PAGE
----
* Roof Supporting Beam for Gables: 2 timber 2"x2" 4ft lengths
* Screws

Again, using mitred edges, these lengths need to be screwed together to make the greenhouse roof. The slope of the roof can be altered, but the lengths listed above will need to be altered accordingly.

Replacing the Greenhouse Glass
What You'll Need:

* Approx. 140-150 6ft bamboo garden canes
* Approx. 300-400 Fence Staples

The plastic bottles will replace the need for greenhouse glass. To make the clear panels, you'll need to take a bamboo cane and slide a bottle end the 'wrong' way down the cane. This will act as a stopper for the other bottles. Obviously make sure that all bottle tops have been removed at this point. You can then slide and stack the bottles onto each bamboo cane. The final bottle on the end of the cane should again be placed the opposite way to the others, creating another stopper.

Make sure that enough bamboo cane has been left at either end, as these are then fixed to the greenhouse frames with fence staples. Make sure that before you start stapling, all the bamboo canes are lined up and jiggled about so that there are no large gaps in between the bottles.

Once the bottles have been fixed to the side, back, front, door frames and gable frames, these can then be erected and fixed to the corner posts. Once the gables are in place you may find that you need an additional central timber support in each gable. The last component to be added should be the door - it may not be a perfect fit, but as long as there are no gaping holes, it will do! After all, a greenhouse needs plenty of ventilation!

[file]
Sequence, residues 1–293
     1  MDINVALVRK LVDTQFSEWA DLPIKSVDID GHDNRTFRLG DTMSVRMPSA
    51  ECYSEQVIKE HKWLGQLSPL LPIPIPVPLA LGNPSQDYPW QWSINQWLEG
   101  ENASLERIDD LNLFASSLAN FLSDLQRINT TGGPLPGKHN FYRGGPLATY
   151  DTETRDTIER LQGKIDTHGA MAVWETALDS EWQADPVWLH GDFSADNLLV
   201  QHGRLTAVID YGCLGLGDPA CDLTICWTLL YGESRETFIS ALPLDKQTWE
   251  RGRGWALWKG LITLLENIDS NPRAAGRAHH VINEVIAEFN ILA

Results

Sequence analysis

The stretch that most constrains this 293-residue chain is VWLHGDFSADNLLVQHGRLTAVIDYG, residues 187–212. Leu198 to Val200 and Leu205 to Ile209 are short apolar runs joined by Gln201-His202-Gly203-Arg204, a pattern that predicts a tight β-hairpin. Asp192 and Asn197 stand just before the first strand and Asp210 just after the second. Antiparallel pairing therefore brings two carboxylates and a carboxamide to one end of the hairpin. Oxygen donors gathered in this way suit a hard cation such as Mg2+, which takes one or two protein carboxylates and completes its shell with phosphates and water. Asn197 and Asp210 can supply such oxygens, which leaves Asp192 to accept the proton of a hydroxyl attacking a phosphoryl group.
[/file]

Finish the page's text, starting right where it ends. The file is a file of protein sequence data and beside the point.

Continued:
Build Your Own Plastic Bottle Greenhouse



Build Your Own Plastic Bottle Greenhouse
Written by Ariel Schwartz
Published on December 26th, 2008
8 Comments
Posted in Recycling


Greenhouse

Do you have tons of plastic bottles lying around your house and excess backyard space? If so, you might want to look into building a plastic bottle greenhouse. The greenhouse idea was devised and brought to life by Blue Rock Station. For $5 (the electronic version is $4), you can buy instructions to build one yourself.
>> Interested in solar power? See if group discounts are available in your city

Make sure you have plenty of tires for the rammed earth foundation, at least 1000 2-liter plastic bottles, straw bale, and two 55 gallon rain barrels. A hefty load of starting materials for sure, but nothing compared to what you would need for a traditional greenhouse. And what better use is there for plastic bottles (besides energy-intensive recycling)?

Blue Rock Station’s greenhouse booklet discusses design creation, site prep and drainage, wind issues, orientation, insulation, and more.

Photo Credit: Blue Rock Station

Recycled plastic bottle sheds




Photos on website:
http://www.shedworking.co.uk/2008/10/recycled-plastic-bottle-sheds.html


Thursday, October 09, 2008